AKRON (April 15, 2002)-They say the difference be-tween men and boys is the price of their toys.
If that's true, then some bosses should keep their toys away from the tire dealership or service shop. I'm convinced that these things are anything but morale builders. Here's why.
The people I've met in the automotive service industry all have gasoline in their veins to one extent or another. This shows in our unbridled affection for vehicles that go fast and/or look great. For many of us, speed—boats, bikes, cars or trucks—is the best therapy we've found for soothing the weary soul. Others among us love cars as art forms. We dig colors, shapes, styles—the “statement” of everything from a red Barchetta to a flamed '49 Mercury.
If you've worked hard to earn that special boat, bike or car, that's fabulous. But that said, never let your hobby pieces interfere with morale and productivity in the workplace. The older I get, the more fervently I believe that keeping toys at work never improves its atmosphere.
You have probably heard business management coaches say, “If it isn't adding to the business, then it must be subtracting from it.” Considering how difficult it is to recruit and keep help today, you shouldn't be subtracting from your dealership's overall appeal to workers.
Too often I've seen bosses clogging valuable bays with various toys. Every day, workers suffer the indignity of having to move these toys in order to open up a bay for real business. Worse yet, the clueless boss seems to think his crew gets a vicarious thrill out of moving his toys in and out daily. If only he knew what they were really thinking about this thankless ritual.
From what I've observed, some bosses keep their go-fast toys around because it's the only ego-builder they've got at this point in their lives. When you get to know these characters well, you discover they believe these toys are their most valuable symbols of success.
Certainly, there's nothing wrong with enjoying your hard-earned bucks. But as often as not, the bosses who keep toys at work do so because they're too cheap to store them properly at home or at some secure, off-site location when they've got those bays at the dealership.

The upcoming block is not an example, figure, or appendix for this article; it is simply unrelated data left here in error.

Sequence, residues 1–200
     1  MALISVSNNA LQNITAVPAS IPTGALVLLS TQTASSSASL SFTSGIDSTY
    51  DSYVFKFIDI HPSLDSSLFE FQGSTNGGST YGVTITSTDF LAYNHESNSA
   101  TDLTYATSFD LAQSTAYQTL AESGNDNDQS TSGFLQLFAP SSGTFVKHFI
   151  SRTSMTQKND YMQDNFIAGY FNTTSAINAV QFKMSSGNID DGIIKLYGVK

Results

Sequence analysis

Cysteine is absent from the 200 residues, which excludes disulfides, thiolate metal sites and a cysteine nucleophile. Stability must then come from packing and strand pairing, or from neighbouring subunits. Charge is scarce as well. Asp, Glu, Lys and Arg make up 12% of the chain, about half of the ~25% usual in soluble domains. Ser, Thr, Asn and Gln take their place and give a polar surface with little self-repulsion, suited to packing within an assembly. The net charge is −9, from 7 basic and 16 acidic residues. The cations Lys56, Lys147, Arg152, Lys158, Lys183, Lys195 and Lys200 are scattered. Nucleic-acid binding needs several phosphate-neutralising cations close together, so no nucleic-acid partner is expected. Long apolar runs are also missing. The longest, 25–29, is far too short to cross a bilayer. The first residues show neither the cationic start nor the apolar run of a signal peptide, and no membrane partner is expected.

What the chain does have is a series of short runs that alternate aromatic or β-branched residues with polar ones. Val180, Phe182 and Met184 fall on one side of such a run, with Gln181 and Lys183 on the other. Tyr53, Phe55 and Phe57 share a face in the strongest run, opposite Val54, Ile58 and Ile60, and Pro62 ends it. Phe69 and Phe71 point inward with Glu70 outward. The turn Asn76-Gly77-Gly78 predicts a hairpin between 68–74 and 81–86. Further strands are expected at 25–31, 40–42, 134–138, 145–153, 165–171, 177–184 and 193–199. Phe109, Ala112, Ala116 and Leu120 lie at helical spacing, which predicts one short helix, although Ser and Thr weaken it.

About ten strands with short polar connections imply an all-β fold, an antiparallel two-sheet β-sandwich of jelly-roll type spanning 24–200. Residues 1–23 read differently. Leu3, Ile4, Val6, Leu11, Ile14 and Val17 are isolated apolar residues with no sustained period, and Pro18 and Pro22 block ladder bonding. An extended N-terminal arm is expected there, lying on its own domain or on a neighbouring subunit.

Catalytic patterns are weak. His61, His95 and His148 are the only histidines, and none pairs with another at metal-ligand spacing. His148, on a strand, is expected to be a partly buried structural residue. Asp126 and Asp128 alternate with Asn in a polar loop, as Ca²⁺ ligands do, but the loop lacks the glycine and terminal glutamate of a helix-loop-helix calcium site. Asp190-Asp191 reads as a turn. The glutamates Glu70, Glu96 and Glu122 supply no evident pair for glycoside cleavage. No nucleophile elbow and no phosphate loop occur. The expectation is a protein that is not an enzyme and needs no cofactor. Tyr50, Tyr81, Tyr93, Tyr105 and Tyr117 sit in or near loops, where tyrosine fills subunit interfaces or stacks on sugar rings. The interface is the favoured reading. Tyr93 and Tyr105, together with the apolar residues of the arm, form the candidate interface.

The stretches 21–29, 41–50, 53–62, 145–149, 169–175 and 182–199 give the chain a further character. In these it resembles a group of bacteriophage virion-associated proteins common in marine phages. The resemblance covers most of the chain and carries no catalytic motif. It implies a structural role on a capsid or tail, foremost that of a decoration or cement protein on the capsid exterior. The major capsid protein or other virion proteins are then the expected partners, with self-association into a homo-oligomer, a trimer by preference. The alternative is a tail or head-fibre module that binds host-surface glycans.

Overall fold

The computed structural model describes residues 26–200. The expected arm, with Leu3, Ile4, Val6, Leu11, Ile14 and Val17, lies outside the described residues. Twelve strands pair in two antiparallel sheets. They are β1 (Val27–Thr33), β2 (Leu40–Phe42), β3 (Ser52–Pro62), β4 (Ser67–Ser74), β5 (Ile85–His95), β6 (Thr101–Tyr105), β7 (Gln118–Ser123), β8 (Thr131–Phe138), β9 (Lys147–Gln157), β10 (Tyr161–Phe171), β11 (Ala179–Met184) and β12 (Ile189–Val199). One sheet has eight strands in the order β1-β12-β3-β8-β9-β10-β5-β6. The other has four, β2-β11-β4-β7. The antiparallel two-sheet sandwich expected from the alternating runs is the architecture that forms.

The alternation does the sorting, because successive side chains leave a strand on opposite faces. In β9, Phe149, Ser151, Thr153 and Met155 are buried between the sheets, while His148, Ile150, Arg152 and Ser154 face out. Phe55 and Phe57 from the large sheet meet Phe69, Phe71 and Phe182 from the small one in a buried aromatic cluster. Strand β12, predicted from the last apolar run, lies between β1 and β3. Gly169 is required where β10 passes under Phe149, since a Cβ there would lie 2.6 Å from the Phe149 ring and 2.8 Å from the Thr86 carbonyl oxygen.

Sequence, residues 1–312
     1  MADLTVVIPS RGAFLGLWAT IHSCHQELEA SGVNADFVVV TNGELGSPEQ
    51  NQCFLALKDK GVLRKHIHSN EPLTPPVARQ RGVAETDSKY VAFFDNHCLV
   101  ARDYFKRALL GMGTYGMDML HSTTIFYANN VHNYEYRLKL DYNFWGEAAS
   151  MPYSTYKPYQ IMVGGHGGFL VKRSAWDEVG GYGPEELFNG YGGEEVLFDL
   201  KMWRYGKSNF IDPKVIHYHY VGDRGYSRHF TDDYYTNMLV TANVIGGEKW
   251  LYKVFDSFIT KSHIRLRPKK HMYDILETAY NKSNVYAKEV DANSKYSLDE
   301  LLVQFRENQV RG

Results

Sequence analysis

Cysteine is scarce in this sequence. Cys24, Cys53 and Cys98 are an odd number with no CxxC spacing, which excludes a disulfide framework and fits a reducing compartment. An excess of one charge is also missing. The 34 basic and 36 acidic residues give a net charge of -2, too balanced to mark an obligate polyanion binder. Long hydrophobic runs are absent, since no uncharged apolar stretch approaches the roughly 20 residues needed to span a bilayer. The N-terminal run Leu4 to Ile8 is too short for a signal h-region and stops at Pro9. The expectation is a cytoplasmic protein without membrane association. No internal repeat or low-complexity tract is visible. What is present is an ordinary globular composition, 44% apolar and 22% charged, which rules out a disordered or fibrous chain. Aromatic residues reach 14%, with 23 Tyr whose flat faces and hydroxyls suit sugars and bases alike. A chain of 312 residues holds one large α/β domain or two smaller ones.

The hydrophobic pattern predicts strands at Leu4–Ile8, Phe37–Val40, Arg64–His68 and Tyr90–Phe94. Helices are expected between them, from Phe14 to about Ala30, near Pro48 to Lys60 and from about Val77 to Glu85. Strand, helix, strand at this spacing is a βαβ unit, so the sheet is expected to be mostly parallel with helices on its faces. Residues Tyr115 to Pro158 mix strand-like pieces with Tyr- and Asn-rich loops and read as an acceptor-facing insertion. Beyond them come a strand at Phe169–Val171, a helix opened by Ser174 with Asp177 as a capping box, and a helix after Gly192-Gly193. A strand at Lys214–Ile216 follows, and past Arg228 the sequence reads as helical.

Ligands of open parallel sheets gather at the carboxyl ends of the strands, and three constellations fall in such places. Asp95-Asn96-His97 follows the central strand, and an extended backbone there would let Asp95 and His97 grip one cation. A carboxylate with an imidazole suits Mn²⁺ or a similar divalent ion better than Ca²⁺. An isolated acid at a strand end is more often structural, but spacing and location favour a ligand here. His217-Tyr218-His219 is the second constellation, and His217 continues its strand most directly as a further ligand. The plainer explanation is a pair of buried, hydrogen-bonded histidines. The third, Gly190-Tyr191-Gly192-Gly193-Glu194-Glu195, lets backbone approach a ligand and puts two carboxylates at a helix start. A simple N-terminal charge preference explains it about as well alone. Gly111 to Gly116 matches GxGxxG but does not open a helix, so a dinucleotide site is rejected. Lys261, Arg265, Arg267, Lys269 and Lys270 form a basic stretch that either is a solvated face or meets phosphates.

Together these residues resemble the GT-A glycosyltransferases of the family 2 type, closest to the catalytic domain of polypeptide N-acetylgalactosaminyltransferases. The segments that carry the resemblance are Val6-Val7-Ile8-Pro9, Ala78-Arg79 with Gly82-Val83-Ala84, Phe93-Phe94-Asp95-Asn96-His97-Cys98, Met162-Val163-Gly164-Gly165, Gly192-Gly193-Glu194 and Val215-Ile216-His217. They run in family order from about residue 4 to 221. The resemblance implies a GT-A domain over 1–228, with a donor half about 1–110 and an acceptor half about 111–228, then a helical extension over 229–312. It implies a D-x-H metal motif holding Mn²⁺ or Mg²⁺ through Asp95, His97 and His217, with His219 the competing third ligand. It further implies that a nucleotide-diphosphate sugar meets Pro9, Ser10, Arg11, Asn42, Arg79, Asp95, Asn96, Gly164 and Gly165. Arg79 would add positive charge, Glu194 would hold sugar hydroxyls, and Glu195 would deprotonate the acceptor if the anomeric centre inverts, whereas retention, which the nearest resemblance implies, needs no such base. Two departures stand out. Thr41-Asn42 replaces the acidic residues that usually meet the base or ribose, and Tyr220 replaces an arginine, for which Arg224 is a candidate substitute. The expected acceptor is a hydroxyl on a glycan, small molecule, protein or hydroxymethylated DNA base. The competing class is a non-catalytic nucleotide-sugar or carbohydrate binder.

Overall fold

It only goes downhill from here. Besides being too cheap to create a private storage site for their toys, they're often too cheap to pay their help decently. Worse yet, they aren't giving their staffs a decent environment in which to earn a living. Sometimes the roof leaks and the exhaust fan in the locker room quits. Permanently fix the floor drains in the bays? That would cost too much money.
Tour the facility and you find many things that need immediate attention. But from one side of his mouth, the boss cries poverty every time workers make reasonable requests for fixes, upgrades and new equipment. Yet he brags to anyone within earshot about the money he's already spent—and plans to spend—on his toys.
This all-too-common scenario has to be the biggest morale-killer I know. Flaunting these expenditures in front of employees who're making legitimate requests for better working conditions is unconscionably ignorant. It's even more ignorant for a boss to try justifying his actions by saying that his hobbies are none of the workers' business.
Just poll your workers, Mr. Boss. They'll respond that you made it their business by flaunting your choices—your toys—in front of them! When I look at the best-run, healthiest auto service businesses I know, I never see adult toys afoot. A place of business is just that: all business.
Even if you are running a pretty good operation, human nature should still dissuade you from keeping toys at work. For many workers, it's only natural to be somewhat jealous of things the boss has. But when something at the dealership goes wrong, it's entirely too tempting for a worker to think, “We'd have enough money for more equipment if he wasn't throwing it away on his street rods all the time!”
Remember, if it's not adding to the atmosphere, it's probably detracting from it. If you want to impress people (employees or customers), leave the toys at home.
Instead, impress folks with prompt, professional, courteous service. Im-press and retain workers by showing them you'll spend money when and where it really counts. Avoid second-guessing by keeping your hobbies where they belong—at home!